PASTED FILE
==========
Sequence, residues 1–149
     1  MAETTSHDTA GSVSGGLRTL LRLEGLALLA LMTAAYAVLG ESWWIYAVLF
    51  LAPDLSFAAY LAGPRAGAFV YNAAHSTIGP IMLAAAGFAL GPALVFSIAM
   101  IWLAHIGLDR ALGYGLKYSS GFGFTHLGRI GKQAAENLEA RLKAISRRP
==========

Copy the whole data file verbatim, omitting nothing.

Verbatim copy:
Sequence, residues 1–149
     1  MAETTSHDTA GSVSGGLRTL LRLEGLALLA LMTAAYAVLG ESWWIYAVLF
    51  LAPDLSFAAY LAGPRAGAFV YNAAHSTIGP IMLAAAGFAL GPALVFSIAM
   101  IWLAHIGLDR ALGYGLKYSS GFGFTHLGRI GKQAAENLEA RLKAISRRP